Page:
Danielle Chemello #4

AAC Program

SPED 461

11/14/12

Page 3

K often cannot follow the verbal instructions telling her to take out her materials for class. Since K follows written instructions well, it would be best to have a visual checklist for her to monitor herself and her ability to take out her class items. Selecting a self-monitoring visual checklist was a simple decision to make regarding K and her behavior in class after reading the research. Self-monitoring sheets have been researched by many and have been found to be effective. For example, Holifield, Goodman, Hazelkorn, and Heflin (2010, p. 230) concluded that self-monitoring is a “viable behavior management technique in the public schools.” They are indicating that students will benefit from self-monitoring because they are able to manage their behavior in the classroom. When self-monitoring having the required class materials, K will be managing her readiness for class behaviors. The authors also say that self-monitoring is effective in “increasing attention, academic productivity and accuracy, reading comprehension, and on-task behaviors,” (Holifield, Goodman, Hazelkorn, & Heflin, 2010). The benefits of selfmonitoring are clear. K will benefit because she will indirectly increase the previously mentioned skills by being prepared for class. When teaching K the skills to use the visual checklist, a least to most prompting system will be in place. According to the research by MacDuff, Krantz, and McClannahan, a least to most prompting system was employed by the staff while teaching a set of group home members to follow a visual schedule (1993). This prompting system was effective when the participants were able to follow the schedule and participate in the activities independently. By using the same least to most prompting hierarchy when teaching K to use her visual checklist, she will be successful in taking out each task in order to be prepared for class. By combining both the rationale for self-monitoring checklists and the instructional method of a least to most prompting system, K will be more likely to succeed in following her checklist. This will allow her to be prepared for class so that she can pay attention and complete the instructed activities more quickly. In turn, this will increase her likelihood of increasing attention and on-task behaviors. Procedures: Follow these procedures in both reading and math classes. (1) Make sure the checklist is Velcroed to the desk at the beginning of the hour. (2) Verbally and physically prompt K by saying, “K, please take out each item for class,” while pointing to the boxes under the appropriate (reading or math) column. (3) Wait 5 seconds for K to start getting out each item. If K starts to take out an item, wait until the item is out before moving to step 7. Record PV1. (4) If after 5 seconds, she does not initiate getting out an item, physically point to the location of the first item on the list while saying, “K, please take out your item for class.” (5) Wait 5 seconds for K to start getting out the item. If K starts to take out an item, wait until the item is out before moving to step 7. Record PV2. (6) If after 5 seconds, she does not initiate getting out an item, physically point to the storage location of the first item on the list while saying, “K, please take out your item for class.” Record PV3.

Danielle Chemello #4

AAC Program

SPED 461

11/14/12

Page 4

(7) Once K has her item out, say, “K, check off the box of your item with the dry erase marker,” while pointing to the appropriate column. (8) Wait 5 seconds for K to check the box. If K checks off the box within 5 seconds, repeat steps 2-8 until all four items are out for class. (9) If K does not check off the box or checks off the wrong box within the 5 seconds, physically point to the box that she is to check off while saying, “K please check off your item because you have taken it out.” Repeat steps 2-7 until K has each of the four items for class. Assessment Schedule: Assess every third period. So, 2 instructional periods and the next period would be an assessment period. (assessment and instruction may occur in the same day) Assessment Procedures: (1) Make sure the checklist is Velcroed to the desk at the beginning of the hour. (2) Verbally prompt the class to take out their items for class by saying, “Please take out your binder, pencil, and highlighter for class. K and T, please have your glasses out too.” (3) Record the amount of items K takes out and checks off on her checklist. (4) If K does not take out the four items within 30 seconds of the verbal prompt, move straight to the most intrusive physical and verbal prompt. This prompt is when I say, “K, please take out your item for class,” while pointing to the storage location of the item. Data Collection and Projected Data Display: Number and percent of items taken out per period. Bold=baseline data. Italics=probe Date Number of Items in Reading 1/4 2/4 1/4 1/4 2/4 2/4 2/4 Percent of Items in Reading 25% 50% 25% 25% 50% 50% 50% Number of Items in Math 0/4 2/4 1/4 1/4 2/4 1/4 2/4 Percent of Items in Math 0% 50% 25% 25% 50% 25% 50%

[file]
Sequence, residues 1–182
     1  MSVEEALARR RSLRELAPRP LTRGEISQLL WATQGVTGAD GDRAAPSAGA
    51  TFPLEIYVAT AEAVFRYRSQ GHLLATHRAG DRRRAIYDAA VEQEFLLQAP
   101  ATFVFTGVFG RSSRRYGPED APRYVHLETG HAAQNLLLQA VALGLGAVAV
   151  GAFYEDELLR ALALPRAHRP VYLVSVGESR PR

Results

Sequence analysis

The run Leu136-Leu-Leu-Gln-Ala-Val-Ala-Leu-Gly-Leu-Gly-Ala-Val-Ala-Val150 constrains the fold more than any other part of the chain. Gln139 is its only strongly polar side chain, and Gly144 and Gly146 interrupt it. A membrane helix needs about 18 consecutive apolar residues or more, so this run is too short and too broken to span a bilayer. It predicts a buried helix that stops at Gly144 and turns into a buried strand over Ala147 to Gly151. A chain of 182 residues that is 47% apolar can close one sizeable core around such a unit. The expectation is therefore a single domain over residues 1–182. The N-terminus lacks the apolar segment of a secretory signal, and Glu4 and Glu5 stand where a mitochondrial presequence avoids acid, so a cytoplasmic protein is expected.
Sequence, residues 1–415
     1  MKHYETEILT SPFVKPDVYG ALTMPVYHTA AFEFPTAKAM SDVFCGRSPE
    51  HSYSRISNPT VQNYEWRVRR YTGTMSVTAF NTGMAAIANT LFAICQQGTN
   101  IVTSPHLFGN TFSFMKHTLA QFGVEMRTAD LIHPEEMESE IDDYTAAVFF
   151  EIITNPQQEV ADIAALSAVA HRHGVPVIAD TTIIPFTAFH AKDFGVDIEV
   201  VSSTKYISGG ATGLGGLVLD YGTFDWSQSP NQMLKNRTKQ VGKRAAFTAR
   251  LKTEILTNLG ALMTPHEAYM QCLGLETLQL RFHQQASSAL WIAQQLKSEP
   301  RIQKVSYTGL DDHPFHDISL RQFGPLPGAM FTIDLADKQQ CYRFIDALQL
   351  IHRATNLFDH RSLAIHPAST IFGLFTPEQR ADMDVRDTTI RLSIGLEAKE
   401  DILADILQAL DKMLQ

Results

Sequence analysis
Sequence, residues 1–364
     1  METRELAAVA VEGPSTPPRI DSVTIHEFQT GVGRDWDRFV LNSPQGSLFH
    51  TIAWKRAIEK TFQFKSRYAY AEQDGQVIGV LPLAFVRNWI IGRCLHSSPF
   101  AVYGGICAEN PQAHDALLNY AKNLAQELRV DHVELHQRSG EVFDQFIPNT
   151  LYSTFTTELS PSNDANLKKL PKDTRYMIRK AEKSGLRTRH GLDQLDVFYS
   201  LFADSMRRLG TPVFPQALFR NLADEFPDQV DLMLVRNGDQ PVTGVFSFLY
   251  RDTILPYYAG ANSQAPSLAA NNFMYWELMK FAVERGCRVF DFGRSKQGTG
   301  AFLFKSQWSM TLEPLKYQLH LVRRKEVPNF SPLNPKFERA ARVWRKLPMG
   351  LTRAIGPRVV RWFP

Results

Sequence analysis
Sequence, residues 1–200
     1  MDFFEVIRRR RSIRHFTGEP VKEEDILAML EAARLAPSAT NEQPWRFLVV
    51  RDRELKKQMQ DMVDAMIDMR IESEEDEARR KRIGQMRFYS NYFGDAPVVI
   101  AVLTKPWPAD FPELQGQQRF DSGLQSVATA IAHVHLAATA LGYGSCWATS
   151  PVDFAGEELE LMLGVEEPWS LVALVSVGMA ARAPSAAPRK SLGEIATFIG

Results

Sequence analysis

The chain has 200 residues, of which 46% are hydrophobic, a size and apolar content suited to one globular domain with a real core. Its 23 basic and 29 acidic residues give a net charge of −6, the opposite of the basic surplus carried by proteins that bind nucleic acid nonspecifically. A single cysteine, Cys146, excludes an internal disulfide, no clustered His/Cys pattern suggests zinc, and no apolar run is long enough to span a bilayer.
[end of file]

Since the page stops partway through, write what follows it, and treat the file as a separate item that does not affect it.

11/5/1 2 11/6/1 2 11/7/1 2 11/8/1 2 11/9/1 2 11/12/12 11/13/12

Danielle Chemello #4

AAC Program

SPED 461

11/14/12

Page 5

Date

Number of Items in Reading 3/4 3/4 3/4 4/4 3/4 4/4 4/4 4/4

Percent of Items in Reading 75% 75% 75% 100% 75% 100% 100% 100%

Number of Items in Math 2/4 3/4 3/4 3/4 4/4 4/4 4/4 4/4

Percent of Items in Math 50% 75% 75% 75% 100% 100% 100% 100%

11/14/12 11/15/12 11/16/12 11/19/12 11/20/12 11/26/12 11/27/12 11/28/12

Above is the table I will use to record the amount and percent of items K took out for both her first and second period of the day. Below are the graphs of the baseline and intervention. Both the baseline data and the intervention data are what the data will look like if the intervention is successful.

Danielle Chemello #4

AAC Program

SPED 461

11/14/12

Page 6

Danielle Chemello #4

AAC Program

SPED 461

11/14/12

Page 7

AAC System Materials: The AAC system material will be one strip of paper that K will use to self-monitor the items she has out and ready for class. The strip of paper is approximately 3 inches by 3 inches. The paper used is white computer paper and the text is written in 14 point Times New Roman font. This strip of paper will be laminated and Velcroed to an upper corner of K’s desk. She will use a dry erase marker to check off each item for each period. I will look at the list after each class period to record the items K checked. Below is an example of the checklist.

Take out your: Reading Math binder pencil highlighter glasses

References Holifield, C., Goodman, J., Hazelkorn, M., & Heflin, L. J. (2010). Using self-monitoring to increase attending to task and academic accuracy in children with autism. Focus on Autism and Other Developmental Disabilities, 25(4), 230-238. MacDuff, G. S., Krantz, P. J., & McClannahan, L. E. (1993). Teaching children with autism to use photographic activity schedules: Maintenance and generalization of complex response chains. Journal of Applied Behavior Analysis, 26(1), 89-97.